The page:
Baltimore will maintain prohibition on restaurant dining, other coronavirus restrictions

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Mayor Brandon Scott on Friday announced that Baltimore City will maintain its modified phase 1 coronavirus restrictions. Scott said he will provide another update on Jan. 15 after reviewing another week of COVID-19 data for the city. Image via Facebook Live.

Baltimore City will maintain its current coronavirus-related restrictions, including its prohibition on indoor and outdoor dining at restaurants, Mayor Brandon Scott announced Friday.

On his first full day as mayor on Dec. 9, Scott announced new orders to curtail the spread of coronavirus, which went into effect Dec. 11.

Although Baltimore City saw reductions in several key metrics following the implementation of those restrictions, the city also saw slight increases this week likely related to holiday travel and gatherings, Baltimore Health Commissioner Dr. Letitia Dzirasa said on Friday.

“We have not seen a return to normal or moved away from what we know is widespread community transmission,” she said.

Dzirasa added that coronavirus-related hospitalizations remain high as 90% of the city’s intensive care unit beds are in use and 89% of acute care beds are in use.

“Keeping high-risk locations closed gives time for hospitalization rates to decrease and to ensure that our hospitals have enough space and staff to deliver high quality, life-saving care to the patients coming through their doors,” Dzirasa said.

Scott said he understands the frustration of restaurant workers and other businesses affected by the modified phase 1 restrictions, but he is concerned about the Baltimoreans who have died from coronavirus.

Maryland officials have reported a total of 723 deaths in Baltimore City as of Friday morning, according to the Maryland Department of Health’s COVID-19 Case Map Dashboard.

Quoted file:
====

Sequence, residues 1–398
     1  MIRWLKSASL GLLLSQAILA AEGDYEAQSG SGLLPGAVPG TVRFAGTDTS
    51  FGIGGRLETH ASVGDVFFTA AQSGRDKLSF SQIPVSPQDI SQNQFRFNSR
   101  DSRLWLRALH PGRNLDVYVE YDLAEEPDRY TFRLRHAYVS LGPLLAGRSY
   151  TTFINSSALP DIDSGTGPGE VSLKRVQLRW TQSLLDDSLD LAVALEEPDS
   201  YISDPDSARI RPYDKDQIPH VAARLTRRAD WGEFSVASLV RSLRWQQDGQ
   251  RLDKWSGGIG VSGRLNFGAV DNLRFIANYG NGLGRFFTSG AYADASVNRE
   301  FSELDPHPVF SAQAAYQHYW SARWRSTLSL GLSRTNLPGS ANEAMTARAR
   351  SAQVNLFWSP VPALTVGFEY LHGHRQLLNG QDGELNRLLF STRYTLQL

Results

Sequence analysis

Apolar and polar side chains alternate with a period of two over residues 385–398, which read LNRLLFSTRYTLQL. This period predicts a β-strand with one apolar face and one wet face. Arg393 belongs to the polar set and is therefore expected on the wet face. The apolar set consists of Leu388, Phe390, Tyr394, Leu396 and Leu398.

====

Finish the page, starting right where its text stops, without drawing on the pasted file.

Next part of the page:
“We’re going to be there to support our businesses,” Scott said. “We’re going to be there to do whatever we can do to make sure that they remain strong and make it through this. Together we will do that. But we will not put money over people.”

Scott added that his administration will work with the Maryland congressional delegation to provide financial support to struggling businesses.

The December orders will remain in place while Scott continues to consult with Dzirasa and public health partners as they evaluate the city’s coronavirus data, the mayor said.

Scott said he will provide another update on Jan. 15 regarding the city’s coronavirus guidelines. Any change to the guidelines will be given one week in advance to allow businesses enough time to implement them.

Dzirasa said the Baltimore City Health Department has worked with the Maryland Department of Health and other health departments to develop priority groups to ensure “near consistent prioritization” across Maryland.

The city health department has distributed 842 vaccine doses to first responders, frontline judiciary staff and other individuals in the first three days of vaccination at Under Armour’s Port Covington Campus, Dzirasa said.

She added that thousands of vaccine doses have also been distributed to hospital employees and resident sof senior and assisted living facilities.

Scott said he plans to reach out to management of the Baltimore Ravens and Baltimore Orioles to discuss using M&T Bank Stadium and Oriole Park at Camden Yards for vaccine distribution.

Marcus Dieterle


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